3. A set of clothes appropriate for a particular occasion or season.
    The bride wore a grey going-away costume.


Derived terms

Related terms


The translations below need to be checked and inserted above into the appropriate translation tables, removing any numbers. Numbers do not necessarily match those in definitions. See instructions at Help:How to check translations.

See also


to costume

Third person singular

Simple past

Past participle

Present participle

to costume (third-person singular simple present costumes, present participle costuming, simple past and past participle costumed)

  1. To dress or adorn with a costume or appropriate garb.


External links

  • costume in Webster’s Revised Unabridged Dictionary, G. & C. Merriam, 1913
  • costume in The Century Dictionary, The Century Co., New York, 1911




costume m. (plural costumes)

  1. A style of dress characteristic of a particular country, period or people
  2. An outfit or a disguise worn as fancy dress
  3. A set of clothes appropriate for a particular occasion or task
  4. A suit worn by a man



  1. first-person singular present indicative of costumer.
  2. third-person singular present indicative of costumer.
  3. first-person singular present subjunctive of costumer.
  4. first-person singular present subjunctive of costumer.
  5. second-person singular imperative of costumer.



costume m. (plural costumi)

  1. A custom, habit
  2. A costume
  3. A swimsuit


Derived terms




costume m. (plural costumes)

  1. (use) A custom
  2. (clothing) A costume



  • IPA: /kos.'


costume n. pl.

  1. Plural form of costum.

Simple English

is wearing the national costume of Belarus]]

The word costume is used to describe a set of clothes that someone is wearing in order to say something about their personality. Some costumes are special to particular countries or areas. These are called “National Costumes”. They are worn because people are proud of their country. Actors in a theatre wear costumes because they are pretending to be a particular person in a play or ballet. Costumes can be worn for carnivals or parties. These are often called “Fancy Dress”.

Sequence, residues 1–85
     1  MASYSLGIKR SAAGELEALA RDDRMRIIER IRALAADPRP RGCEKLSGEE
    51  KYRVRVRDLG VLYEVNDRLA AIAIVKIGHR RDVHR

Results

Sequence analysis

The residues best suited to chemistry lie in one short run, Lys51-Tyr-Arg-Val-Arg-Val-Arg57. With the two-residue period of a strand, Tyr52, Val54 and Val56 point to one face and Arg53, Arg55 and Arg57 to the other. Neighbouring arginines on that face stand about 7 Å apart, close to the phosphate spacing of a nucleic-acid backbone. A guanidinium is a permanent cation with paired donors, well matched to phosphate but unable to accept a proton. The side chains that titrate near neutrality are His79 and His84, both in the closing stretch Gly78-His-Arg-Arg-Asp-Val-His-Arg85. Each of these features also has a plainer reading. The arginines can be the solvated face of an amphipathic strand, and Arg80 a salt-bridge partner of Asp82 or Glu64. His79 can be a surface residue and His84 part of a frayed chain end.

=National costume

= National costume or regional costume is worn to show that the people come from a particular country or area. Many years ago, national costume was worn every day by many groups of people. Today there are not many areas where national costume is worn daily. Usually people dress up in national costume for special celebrations or for national dancing.

Some well known examples of national costume are the kilt which is worn by people in Scotland, and the kimono worn in Japan.

Theatrical costume


When actors perform in the theatre they always wear a costume. These are the special clothes they wear in order to pretend they are a particular character in the story which they act out. They might be pretending to be any kind of person: a beggar, king, a businessman, an ancient god etc. Some theatrical costumes are very “stylized”. That means they exaggerate some aspects of the character. Examples are Harlequin and Pantaloon in the Commedia dell'arte.

Carnivals and festivals

, about 500 years ago. They are taking part in the 2006 Bristol Renaissance Faire.]]

Costumes are worn at festivals such as Mardi Gras and Halloween. They are used for fancy dress parties. People who dress up in fancy dress may be pretending to be a character from a fairy tale or a film. They may be ghosts, or vampires, or perhaps an Easter Bunny for Easter, or an Uncle Sam costume worn on the Independence day.

Children enjoy wearing costumes and pretending to be particular people or animals.